Why publishers don’t name and shame vendors over ad fraud
Publishers are getting noisier about the level of domain spoofing occurring against their inventory, with News UK the latest to talk openly about the results of its first programmatic blackout test. But few, if any, feel empowered to publicly name any supply-side platform that lets in large volumes of fraudulent inventory to their platforms — and for good reason.
For starters, lawsuits are messy, expensive and drawn out. Proving foul play when it comes to fraudulent inventory is extremely difficult, and publishers are wary of the legal ramifications. In some cases, confidentiality clauses in their contracts can bind them. Even vendors sometimes claim confidentiality clauses prevent them from sharing fraud insights with publishers, all contributing to the ring of silence. In some instances, the simple opacity of the programmatic supply chain renders it difficult to pinpoint who is responsible.
If publishers don’t have sufficient evidence of an SSP acting badly, they could be sued for defamation. “It’s unproven whether attempting to buy your own inventory would stand up in court as evidence of fraudulent behavior or malpractice on behalf of the SSP and whether the use of ads.txt and the public naming and shaming would bring a legal response,” said one publishing executive, who spoke on condition of anonymity.
The publisher would also have to prove the SSP breached a duty of care by allowing the fraudulent inventory to appear, which is difficult when it’s often third-party suppliers pumping fraudulent inventory into the exchanges and SSPs. Plus, some SSPs are working to address the situation. Ad tech firm Adform identified a large-scale domain-spoofing scam last November and alerted all the ad exchanges affected. Other exchanges have promised they’re more regularly checking that the inventory coming into their platforms is clean after onboarding new publishers or publisher networks.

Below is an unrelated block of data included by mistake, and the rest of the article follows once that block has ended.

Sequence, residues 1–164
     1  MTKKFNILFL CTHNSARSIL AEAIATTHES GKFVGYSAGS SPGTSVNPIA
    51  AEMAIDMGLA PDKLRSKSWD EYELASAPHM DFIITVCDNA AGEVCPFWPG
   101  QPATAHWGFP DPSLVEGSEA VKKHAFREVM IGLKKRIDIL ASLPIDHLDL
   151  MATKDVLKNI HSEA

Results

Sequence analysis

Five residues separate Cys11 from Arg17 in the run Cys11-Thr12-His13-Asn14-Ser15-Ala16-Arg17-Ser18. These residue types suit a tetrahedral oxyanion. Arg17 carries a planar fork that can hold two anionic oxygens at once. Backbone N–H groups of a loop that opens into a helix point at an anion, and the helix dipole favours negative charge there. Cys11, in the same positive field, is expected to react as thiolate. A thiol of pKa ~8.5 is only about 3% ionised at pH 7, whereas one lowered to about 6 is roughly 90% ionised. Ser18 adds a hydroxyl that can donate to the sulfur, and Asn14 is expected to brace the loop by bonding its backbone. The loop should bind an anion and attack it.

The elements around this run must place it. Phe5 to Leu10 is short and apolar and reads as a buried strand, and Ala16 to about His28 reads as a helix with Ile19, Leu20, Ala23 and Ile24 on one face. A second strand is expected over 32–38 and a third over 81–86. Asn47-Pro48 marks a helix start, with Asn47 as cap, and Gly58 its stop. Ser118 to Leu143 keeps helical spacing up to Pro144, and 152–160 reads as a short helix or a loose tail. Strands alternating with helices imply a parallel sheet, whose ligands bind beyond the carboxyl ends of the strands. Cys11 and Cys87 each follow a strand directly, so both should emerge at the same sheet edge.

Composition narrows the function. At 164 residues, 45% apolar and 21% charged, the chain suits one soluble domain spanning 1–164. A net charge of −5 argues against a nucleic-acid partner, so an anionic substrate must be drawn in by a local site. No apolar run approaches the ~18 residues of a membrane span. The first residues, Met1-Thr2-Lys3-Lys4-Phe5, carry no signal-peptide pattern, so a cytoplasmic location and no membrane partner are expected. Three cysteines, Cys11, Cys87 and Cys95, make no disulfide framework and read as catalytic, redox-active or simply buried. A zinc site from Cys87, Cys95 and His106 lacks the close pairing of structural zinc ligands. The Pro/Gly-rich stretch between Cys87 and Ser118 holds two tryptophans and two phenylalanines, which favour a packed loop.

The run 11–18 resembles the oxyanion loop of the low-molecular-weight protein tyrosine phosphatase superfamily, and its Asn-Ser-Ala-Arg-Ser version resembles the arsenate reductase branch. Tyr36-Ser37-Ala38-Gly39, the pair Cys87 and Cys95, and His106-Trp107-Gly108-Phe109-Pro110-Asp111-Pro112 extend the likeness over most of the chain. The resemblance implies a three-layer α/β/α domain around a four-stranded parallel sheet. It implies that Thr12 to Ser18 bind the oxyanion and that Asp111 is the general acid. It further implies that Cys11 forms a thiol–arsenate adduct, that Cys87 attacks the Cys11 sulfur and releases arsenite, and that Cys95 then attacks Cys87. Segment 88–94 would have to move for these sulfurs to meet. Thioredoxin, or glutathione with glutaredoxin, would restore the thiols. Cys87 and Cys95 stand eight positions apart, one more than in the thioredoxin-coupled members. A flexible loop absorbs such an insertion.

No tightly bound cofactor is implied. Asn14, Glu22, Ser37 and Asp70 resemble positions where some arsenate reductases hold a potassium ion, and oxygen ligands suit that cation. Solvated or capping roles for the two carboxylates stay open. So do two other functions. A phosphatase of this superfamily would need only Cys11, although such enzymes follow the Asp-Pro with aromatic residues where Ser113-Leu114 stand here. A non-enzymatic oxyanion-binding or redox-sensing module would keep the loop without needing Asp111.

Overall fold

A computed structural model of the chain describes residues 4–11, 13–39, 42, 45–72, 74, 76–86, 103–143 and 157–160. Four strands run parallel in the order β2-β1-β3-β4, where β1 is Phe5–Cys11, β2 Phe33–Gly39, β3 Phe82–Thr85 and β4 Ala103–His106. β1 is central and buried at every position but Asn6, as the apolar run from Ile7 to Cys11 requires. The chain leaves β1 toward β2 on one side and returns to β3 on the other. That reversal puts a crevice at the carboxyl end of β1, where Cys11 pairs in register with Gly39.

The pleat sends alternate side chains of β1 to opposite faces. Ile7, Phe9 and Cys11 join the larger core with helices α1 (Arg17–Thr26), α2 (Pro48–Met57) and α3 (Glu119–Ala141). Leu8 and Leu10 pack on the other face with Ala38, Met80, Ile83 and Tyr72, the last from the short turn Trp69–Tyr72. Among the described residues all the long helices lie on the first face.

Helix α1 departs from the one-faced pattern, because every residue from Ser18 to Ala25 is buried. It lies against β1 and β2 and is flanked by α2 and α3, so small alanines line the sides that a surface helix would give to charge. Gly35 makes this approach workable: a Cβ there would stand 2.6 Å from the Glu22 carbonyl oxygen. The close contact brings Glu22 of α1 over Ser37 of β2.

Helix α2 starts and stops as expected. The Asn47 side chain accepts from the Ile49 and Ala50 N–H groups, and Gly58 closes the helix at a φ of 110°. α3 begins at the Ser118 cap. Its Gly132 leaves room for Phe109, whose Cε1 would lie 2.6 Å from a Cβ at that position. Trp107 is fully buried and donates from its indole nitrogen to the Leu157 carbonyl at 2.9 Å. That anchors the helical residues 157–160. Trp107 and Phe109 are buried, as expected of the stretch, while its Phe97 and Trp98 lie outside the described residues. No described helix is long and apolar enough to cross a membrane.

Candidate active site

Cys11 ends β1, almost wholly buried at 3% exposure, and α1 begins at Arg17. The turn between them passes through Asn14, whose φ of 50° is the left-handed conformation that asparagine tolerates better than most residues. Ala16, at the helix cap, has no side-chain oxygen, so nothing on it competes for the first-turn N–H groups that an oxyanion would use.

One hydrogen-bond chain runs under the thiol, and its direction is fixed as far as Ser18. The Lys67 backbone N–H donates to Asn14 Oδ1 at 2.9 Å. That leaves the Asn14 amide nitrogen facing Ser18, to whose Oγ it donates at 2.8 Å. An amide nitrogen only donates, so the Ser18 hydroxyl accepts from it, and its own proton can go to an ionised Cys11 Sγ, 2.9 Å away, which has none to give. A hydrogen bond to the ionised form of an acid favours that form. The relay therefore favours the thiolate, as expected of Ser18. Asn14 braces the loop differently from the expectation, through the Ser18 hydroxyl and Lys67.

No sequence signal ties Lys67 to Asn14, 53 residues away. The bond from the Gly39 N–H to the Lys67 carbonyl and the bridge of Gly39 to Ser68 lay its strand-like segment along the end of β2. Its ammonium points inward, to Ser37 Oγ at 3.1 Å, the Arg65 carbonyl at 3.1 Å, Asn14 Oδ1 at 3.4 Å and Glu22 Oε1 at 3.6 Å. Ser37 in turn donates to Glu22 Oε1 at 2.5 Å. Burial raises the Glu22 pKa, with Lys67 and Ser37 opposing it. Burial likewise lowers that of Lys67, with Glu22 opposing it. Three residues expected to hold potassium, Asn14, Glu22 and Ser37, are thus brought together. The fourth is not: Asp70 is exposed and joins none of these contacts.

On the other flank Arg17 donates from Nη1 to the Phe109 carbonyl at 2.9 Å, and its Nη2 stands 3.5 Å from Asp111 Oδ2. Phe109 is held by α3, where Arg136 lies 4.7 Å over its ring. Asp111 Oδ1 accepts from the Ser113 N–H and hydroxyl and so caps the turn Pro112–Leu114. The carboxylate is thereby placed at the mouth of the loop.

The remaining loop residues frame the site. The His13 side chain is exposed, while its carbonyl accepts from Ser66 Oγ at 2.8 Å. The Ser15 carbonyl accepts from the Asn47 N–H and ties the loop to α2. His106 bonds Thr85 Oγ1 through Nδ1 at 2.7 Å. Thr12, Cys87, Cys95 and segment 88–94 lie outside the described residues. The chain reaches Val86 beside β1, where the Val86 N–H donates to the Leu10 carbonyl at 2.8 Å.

Still, months after the Financial Times went public with its own domain-spoofing investigation, millions of bids are still being made on inventory purporting to be premium publisher brands, with News UK estimating that marketers are throwing away £700,000 ($950,000) a month on fraudulent inventory on its own news brands. “I’m gobsmacked that not every single SSP has tightened up on this since the FT released its findings,” said Dan Wilson, CEO of startup London Media Exchange and ad tech exec. “Publishers should be kicking and screaming and demanding compensation.”
Aside from fear of backfiring lawsuits, publishers may be bound by confidentiality agreements with their vendors. “The confidentiality clauses in SSP contracts are usually quite broad and could conceivably cover not bringing the SSP into disrepute by releasing data linked to their name,” Wilson said.
Hiding behind contract terms seems to be a useful tool. At times when publishers have requested fraud intelligence from their SSP partners, the SSPs have declined to do so, citing their own contractual obligations with vendors, according to sources. “My immediate question [when told by an SSP it can’t supply fraud insights] is, which contracts? The ones with the perpetrators? It undermines the publisher’s understanding of the issue,” said another publishing executive who asked to remain anonymous. “Without understanding, it’s difficult [for us] to act.”